12. PeterBale

    PeterBale Moderator Staff Member

    Contest rules usually prohibit players from playing more than one brass instrument - apparently goes back to the early days when a player played the euphonium solo, then switched to valve trombone for the trom part. The only exceptions are when it is a requirement of the test piece, as in 'Dances and Arias'.
  13. This is true. The rules states 25 brass players and lists the different types of instruments you can take on the stage. I don't think any contest says that the 25 instruments have to be in the normal contesting ratio. As a rule it wouldn't solve a problem worth solving. With the exception of a bit of adding an extra sop and loosing a cornet, no one ever does anything else with the RAH or British open instrumentation. Further down the contesting spectrum, it likely that you might only have say three basses on your books, but you've got four tenor horns. Telling your bottom horn he can't play, unless he picks up a BBb bass would help no one and just upset.

    The last thing we need is more rules!!
    midlandman, Slider1 and Tom-King like this.
  14. Chris Hicks

    Chris Hicks Member

    When I played at the Open a couple of years ago with Flowers, we used two sops. It was the year Vita Aeterna Variations was the test piece. Our second sop player played mainly front row parts as they were very high throughout and demanding stamina wise, although he did cover the odd Sop bar, although not many from what i recall. We played with three on the front row, and the fourth front row player played the sop.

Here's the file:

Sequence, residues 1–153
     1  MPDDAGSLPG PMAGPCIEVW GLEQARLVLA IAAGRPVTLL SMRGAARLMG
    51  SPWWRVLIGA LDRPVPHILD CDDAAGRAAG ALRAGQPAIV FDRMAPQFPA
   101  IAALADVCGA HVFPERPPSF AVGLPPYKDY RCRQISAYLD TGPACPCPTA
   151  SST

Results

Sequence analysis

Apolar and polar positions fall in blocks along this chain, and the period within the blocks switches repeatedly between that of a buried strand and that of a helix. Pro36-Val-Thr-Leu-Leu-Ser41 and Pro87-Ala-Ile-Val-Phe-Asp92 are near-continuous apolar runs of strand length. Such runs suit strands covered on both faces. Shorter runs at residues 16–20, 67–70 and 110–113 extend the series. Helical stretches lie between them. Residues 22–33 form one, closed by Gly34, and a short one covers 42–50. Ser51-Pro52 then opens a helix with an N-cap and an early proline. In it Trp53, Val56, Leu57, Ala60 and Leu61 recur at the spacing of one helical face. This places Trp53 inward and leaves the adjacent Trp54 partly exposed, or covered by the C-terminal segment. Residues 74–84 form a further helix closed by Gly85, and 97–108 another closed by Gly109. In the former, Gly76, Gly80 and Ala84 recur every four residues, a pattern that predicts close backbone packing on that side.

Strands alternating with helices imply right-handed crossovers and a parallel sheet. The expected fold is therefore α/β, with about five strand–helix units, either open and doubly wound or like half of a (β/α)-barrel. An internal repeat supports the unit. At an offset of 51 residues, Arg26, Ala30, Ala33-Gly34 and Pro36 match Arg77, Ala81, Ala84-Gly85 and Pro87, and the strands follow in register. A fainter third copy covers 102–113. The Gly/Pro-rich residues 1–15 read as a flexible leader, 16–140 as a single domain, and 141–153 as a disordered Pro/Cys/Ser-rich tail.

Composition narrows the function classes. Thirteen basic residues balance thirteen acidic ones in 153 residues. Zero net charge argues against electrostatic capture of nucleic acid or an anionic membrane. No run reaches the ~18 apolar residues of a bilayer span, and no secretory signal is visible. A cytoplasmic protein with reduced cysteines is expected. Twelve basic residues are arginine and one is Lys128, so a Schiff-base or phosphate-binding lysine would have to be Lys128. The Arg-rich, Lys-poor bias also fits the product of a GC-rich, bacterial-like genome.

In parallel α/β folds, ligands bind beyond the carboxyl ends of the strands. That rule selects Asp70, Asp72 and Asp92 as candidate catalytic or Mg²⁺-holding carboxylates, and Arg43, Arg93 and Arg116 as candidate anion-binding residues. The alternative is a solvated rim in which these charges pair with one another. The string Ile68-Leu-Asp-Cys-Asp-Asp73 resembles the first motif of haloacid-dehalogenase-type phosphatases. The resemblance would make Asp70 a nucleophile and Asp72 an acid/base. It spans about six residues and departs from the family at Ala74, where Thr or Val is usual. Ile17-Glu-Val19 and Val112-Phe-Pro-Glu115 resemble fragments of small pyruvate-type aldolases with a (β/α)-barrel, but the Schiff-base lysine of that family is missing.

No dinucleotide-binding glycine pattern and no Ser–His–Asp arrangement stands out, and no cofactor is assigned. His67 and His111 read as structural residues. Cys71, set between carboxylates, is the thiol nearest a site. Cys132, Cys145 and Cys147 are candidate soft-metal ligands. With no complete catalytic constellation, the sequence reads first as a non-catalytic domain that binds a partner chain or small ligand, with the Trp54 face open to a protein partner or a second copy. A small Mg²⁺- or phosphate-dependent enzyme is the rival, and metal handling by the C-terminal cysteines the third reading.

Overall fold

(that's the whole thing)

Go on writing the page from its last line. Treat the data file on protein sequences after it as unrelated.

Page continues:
15. JimboFB

    JimboFB Active Member

    Further to Chris's post above id add that we were lucky that our 4th man was at the time a very accomplished soprano cornet player at the welsh college who was playing front row with us while he was at music college. We were lucky in that we had this option available to us within the ranks.

    Sadly for us, Ben has now moved on to work for Her Majesty as a musician, so keep your eyes peeled for him - a great player for sure.

    My only observation is why is it only the sops that get help? Quite often on the ol G trom, i'm totally knackered by the end of one of these banzai test pieces, could do with a sub halfway thru for a few bars off too!
  16. nethers

    nethers Active Member

    I am one of two second troms these days and my lungs thank me every day (you should hear the thugs on solo and bass, and in the UK I was known as a loud player with a big sound).
  17. GordonH

    GordonH Member

    I am not convinced that stamina is the issue. Maybe stamina over a week of long rehearsals making playing on the day of the contest difficult. Surely it is about getting a bit more dexterity in the upper register so you can play more cleanly and with more control? Possibly aiming for that type of sound too?
  18. JimboFB

    JimboFB Active Member

    There's an element of composers (and also players) pushing the boundaries of playing both in range and dynamics. The question is whether its still classed as enjoyable at the end of performance for both the player and audience.

    Work smarter, not harder - my motto in life.
    Euphonium Lite and Slider1 like this.
  19. Gadgie

    Gadgie New Member

    Well that certainly worked! Two super performances, great win for the band and place secured for Ostend next year. Congratulations!
  20. carlwoodman

    carlwoodman Member

    Tredegar Town Band has sacrificed a 3rd Cornet for an extra Eb Bass in the recent past.